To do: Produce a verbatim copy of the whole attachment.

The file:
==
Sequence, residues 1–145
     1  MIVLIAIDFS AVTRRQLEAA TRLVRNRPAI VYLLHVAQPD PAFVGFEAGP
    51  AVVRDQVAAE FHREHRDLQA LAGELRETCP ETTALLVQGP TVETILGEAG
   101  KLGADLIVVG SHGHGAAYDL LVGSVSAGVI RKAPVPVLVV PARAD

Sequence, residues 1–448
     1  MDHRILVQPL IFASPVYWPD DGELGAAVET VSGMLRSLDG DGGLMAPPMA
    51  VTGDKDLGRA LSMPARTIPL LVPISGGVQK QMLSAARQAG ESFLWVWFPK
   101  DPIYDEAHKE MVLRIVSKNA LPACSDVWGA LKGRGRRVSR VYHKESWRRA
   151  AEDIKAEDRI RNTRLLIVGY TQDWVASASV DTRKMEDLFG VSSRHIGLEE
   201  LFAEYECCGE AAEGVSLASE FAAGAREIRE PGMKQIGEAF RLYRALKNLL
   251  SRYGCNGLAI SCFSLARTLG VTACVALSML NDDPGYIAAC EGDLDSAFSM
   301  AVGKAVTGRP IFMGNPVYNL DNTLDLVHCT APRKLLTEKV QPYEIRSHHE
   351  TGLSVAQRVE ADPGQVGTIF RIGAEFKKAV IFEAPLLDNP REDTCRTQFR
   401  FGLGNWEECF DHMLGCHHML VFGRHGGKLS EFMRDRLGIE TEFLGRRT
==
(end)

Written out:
Sequence, residues 1–145
     1  MIVLIAIDFS AVTRRQLEAA TRLVRNRPAI VYLLHVAQPD PAFVGFEAGP
    51  AVVRDQVAAE FHREHRDLQA LAGELRETCP ETTALLVQGP TVETILGEAG
   101  KLGADLIVVG SHGHGAAYDL LVGSVSAGVI RKAPVPVLVV PARAD

Sequence, residues 1–448
     1  MDHRILVQPL IFASPVYWPD DGELGAAVET VSGMLRSLDG DGGLMAPPMA
    51  VTGDKDLGRA LSMPARTIPL LVPISGGVQK QMLSAARQAG ESFLWVWFPK
   101  DPIYDEAHKE MVLRIVSKNA LPACSDVWGA LKGRGRRVSR VYHKESWRRA
   151  AEDIKAEDRI RNTRLLIVGY TQDWVASASV DTRKMEDLFG VSSRHIGLEE
   201  LFAEYECCGE AAEGVSLASE FAAGAREIRE PGMKQIGEAF RLYRALKNLL
   251  SRYGCNGLAI SCFSLARTLG VTACVALSML NDDPGYIAAC EGDLDSAFSM
   301  AVGKAVTGRP IFMGNPVYNL DNTLDLVHCT APRKLLTEKV QPYEIRSHHE
   351  TGLSVAQRVE ADPGQVGTIF RIGAEFKKAV IFEAPLLDNP REDTCRTQFR
   401  FGLGNWEECF DHMLGCHHML VFGRHGGKLS EFMRDRLGIE TEFLGRRT